California Gov. Gavin Newsom will propose his first-ever state budget on Thursday, just three days after being sworn in and as the state continues to be awash in black ink.
And Newsom hinted on Tuesday that there might be even more money available.
“I’m about to announce an interesting surplus — that will be a little more interesting than the one you’ve been reading about or writing about,” he told reporters after announcing new wildfire prevention efforts in Colfax on Tuesday.
Here’s what we know so far about Newsom’s state budget proposal for the 2019-2020 fiscal year, based on the governor’s public statements, press releases and a source close to Newsom’s transition team:
- $1.8 billion for universal pre-kindergarten and other early-childhood programs, including new investments in child care and full-day kindergarten. This would be mostly, but not entirely, one-time funding.
- $140 million to expand Medi-Cal coverage to young adults, ages 19-25, living in the state illegally.
- An unknown amount of money to improve subsidies for low- and middle-income Californians on the individual market. This would be funded — at least in part — by revenues brought in through a new state individual mandate, similar to the one under the original Affordable Care Act, which President Trump and the Republican Congress repealed in 2017.
- A significant (but unknown) investment toward a major expansion of California’s paid family leave program. Newsom wants to allow new parents to take up to six months of paid time off from their jobs, up from the current six weeks. (Mothers currently also receive six weeks’ time off for disability after giving birth.)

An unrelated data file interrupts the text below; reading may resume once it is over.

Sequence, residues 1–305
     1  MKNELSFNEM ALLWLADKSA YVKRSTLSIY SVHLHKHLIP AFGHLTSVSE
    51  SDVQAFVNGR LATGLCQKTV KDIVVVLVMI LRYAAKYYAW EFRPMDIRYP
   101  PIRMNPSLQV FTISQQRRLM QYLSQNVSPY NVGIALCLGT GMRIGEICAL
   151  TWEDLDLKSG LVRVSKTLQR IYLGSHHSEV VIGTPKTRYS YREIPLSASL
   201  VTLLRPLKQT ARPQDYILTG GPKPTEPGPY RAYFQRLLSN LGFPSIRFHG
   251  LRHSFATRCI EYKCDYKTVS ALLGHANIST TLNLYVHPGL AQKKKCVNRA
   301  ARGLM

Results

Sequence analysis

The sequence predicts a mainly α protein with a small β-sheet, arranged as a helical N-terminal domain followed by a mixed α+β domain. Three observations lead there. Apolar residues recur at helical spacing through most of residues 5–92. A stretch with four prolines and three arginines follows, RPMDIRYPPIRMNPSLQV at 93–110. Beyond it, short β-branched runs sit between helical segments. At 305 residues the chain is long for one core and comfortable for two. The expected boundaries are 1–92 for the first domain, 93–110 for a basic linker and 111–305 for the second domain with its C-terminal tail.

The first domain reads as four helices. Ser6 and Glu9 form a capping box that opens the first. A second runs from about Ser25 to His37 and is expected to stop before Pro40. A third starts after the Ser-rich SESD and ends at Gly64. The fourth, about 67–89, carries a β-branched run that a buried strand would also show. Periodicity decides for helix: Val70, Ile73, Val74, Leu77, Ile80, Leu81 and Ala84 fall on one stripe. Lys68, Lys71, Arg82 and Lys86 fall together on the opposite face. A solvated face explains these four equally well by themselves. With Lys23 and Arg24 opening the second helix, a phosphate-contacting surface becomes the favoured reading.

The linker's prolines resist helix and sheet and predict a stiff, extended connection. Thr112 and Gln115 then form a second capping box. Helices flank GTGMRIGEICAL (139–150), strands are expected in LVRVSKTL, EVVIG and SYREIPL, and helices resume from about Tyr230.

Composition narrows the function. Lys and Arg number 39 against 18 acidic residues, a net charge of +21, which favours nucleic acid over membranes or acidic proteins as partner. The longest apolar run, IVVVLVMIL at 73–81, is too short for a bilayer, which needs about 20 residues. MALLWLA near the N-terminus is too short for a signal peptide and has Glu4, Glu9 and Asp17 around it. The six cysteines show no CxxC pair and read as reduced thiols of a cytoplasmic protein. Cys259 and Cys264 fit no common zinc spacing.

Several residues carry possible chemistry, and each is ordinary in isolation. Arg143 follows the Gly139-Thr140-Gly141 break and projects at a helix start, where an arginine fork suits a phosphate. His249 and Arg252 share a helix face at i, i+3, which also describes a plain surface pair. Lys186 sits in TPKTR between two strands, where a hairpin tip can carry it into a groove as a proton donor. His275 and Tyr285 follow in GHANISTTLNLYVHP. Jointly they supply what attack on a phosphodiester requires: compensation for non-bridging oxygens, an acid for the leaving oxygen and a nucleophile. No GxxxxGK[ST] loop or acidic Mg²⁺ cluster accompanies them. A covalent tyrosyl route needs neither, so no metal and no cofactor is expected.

- $40 million for a second free year of community college tuition. Former Gov. Jerry Brown and California lawmakers invested $46 million to fund the first year of free community college tuition in last year’s state budget.
- $415 million to invest in forest management, new technology and additional equipment to help prevent and fight wildfires. Roughly half that money is forest management funding approved last year.
The nonpartisan Legislative Analyst’s Office has projected that the state’s “rainy day fund” constitutional budget reserve will reach nearly $15 billion by the end of the 2019-20 fiscal year. On top of that, the LAO believes the governor and Legislature will have an additional $15 billion to spend or save as it wishes.
Newsom will unveil his spending plan at 11 a.m. at the California Secretary of State’s auditorium in downtown Sacramento.